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Sherwood Anderson
Born: September 13, 1876
Died: March 8, 1941

Sherwood AndersonSherwood Anderson has long been surrounded by myth. A romantic's dream, he abandoned a successful, wealthy lifestyle for that of a struggling writer. He perfected the casual, lyrical style of writing most recognized by his successor William Faulkner, and was instrumental in getting both Faulkner and Ernest Hemingway published. Beyond the legend is a man who demonstrated all sides of the American dream: a working boy, a businessman, and a worldly artist in the same lifetime.

Anderson was born in Camden, Ohio. The third of seven children, his father was a veteran of the Union Army. The family was constantly on the move to follow Mr. Anderson's work, painting signs and houses, and Sherwood attended school sporadically, mostly working odd jobs to support the family. Despite a disorderly childhood, Anderson spent his formative years in the town of Clyde, Ohio, observing the small-town life that would form the basis of much of his later writing, including the seminal Winesburg, Ohio. Despite his many travels, Anderson would spend about half of his life in Ohio, experiencing the small-town life featured in his writing.

At seventeen, Anderson moved to Chicago, serving as a warehouse laborer by day and business student by night. He fought in the Spanish-American war for two years, and in 1899 he returned to Ohio for a final year of schooling at Wittenberg College in Springfield. He worked writing advertising copy and, in 1904, moved to Elyria, Ohio to marry Cornelia Lane. While in Elyria he was the president of two companies and earned a successful living in the mail-order paint business. Anderson was supposedly living the American dream-he had risen from a warehouse worker to a company president. But his "workaholic" tendencies caused him family troubles. When not at work, Anderson would spend his time writing, straining his relationship with Cornelia. His divided life cost him a psychological breakdown, and on November 28, 1912, Anderson walked out of his office to begin his writing career. Though the couple separated in 1914, Anderson continued to financially support his former wife and children.

Anderson's lauded flight from his company has been simplified to that one day in November, when he "left business for literature." In reality, the process took several messy years and came at the sacrifice of his family and business. Anderson is quoted as calling it "a conscious break from his materialistic existence." After he left Cornelia, he returned to Chicago to join a writers' group. In the same year, he published his first novel, Windy McPherson's Son, and married Tennessee Mitchell. He also published several short stories in the socialist magazine The Masses; these tales would later be written into his best-known work, Winesburg, Ohio (1919).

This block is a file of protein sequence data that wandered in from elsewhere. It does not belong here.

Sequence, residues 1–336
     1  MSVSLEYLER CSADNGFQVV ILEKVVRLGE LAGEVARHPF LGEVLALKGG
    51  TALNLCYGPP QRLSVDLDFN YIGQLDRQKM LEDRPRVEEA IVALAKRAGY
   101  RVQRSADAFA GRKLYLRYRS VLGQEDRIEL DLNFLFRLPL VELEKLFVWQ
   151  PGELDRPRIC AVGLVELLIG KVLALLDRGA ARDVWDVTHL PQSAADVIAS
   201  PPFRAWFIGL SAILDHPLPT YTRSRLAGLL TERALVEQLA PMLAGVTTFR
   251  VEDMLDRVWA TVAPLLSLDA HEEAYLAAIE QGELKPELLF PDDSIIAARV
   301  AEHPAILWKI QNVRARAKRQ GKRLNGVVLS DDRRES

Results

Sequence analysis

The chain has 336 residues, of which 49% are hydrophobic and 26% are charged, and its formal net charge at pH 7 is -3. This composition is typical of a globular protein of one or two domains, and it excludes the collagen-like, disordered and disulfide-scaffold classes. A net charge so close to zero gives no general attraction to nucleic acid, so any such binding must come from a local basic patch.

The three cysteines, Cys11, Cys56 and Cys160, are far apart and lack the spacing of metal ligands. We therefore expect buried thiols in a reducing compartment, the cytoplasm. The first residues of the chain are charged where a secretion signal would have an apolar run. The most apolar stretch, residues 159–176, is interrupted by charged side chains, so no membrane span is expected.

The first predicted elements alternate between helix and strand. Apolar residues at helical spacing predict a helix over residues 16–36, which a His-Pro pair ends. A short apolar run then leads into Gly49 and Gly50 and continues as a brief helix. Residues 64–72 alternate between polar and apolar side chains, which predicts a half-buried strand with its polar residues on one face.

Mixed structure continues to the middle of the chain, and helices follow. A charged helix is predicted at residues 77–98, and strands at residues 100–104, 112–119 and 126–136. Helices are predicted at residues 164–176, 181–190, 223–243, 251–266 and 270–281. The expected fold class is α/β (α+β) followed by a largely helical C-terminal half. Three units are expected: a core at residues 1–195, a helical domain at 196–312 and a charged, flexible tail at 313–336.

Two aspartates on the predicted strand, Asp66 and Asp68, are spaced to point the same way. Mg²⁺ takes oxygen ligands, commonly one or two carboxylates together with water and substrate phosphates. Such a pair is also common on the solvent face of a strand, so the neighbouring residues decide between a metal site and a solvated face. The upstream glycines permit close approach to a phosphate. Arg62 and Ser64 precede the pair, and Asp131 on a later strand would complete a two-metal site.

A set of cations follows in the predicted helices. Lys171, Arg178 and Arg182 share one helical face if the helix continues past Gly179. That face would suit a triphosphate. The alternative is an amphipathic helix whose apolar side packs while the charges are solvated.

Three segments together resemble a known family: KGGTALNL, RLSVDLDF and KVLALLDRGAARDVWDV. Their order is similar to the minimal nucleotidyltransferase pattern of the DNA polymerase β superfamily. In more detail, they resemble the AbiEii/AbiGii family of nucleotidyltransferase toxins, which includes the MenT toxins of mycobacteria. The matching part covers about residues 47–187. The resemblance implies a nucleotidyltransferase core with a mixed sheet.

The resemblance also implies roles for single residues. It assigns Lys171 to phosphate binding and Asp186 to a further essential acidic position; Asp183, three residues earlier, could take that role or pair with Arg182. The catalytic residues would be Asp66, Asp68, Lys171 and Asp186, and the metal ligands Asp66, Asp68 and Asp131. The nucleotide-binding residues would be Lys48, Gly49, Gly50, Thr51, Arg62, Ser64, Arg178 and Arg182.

Sherwood AndersonSix years later, Anderson, the son of a war veteran and migrant worker, traveled to Europe, meeting with several of the decade's "Lost Generation," including Gertrude Stein. Now fully entrenched in the artistic life of the 1920s, he moved to New Orleans to share an apartment with William Faulkner. Around that time he received the first Dial Award for his contribution to American Literature.

In 1928, Anderson, now married to Elizabeth Prall, was living on a Virginia farm and was the editor and owner of two local newspapers. In 1933, under the influence of his new wife, Eleanor Copenhaver, Anderson began to travel widely. During this time he toured factories and wrote about southern labor conditions. He wrote four new texts in the 1930s, his body of work now totaling twenty-seven titles. Sherwood Anderson died of peritonitis while travelling in Panama with Eleanor.

Despite an unusual background and a rocky start into writing, Anderson proved to be an influential force in shaping twentieth century American literature. Anderson found true happiness in his books and seemed to have been reborn on the day he left his company. He later wrote in his autobiography: "I think it was Joseph Conrad who said that a writer only began to live after he began to write. It pleased me to think I was after all but ten years old. Plenty of time ahead for such a one. Time to look about, plenty of time to look about."

Top: Van Vechten, Carl, photographer. "Portrait of Sherwood Anderson." November 29, 1933. Creative Americans: Portraits by Carl Van Vechten, 1932-1964, Library of Congress.
Bottom: Van Vechten, Carl, photographer. "Portrait of Sherwood Anderson, Central Park." June 3, 1939. Creative Americans: Portraits by Carl Van Vechten, 1932-1964, Library of Congress.

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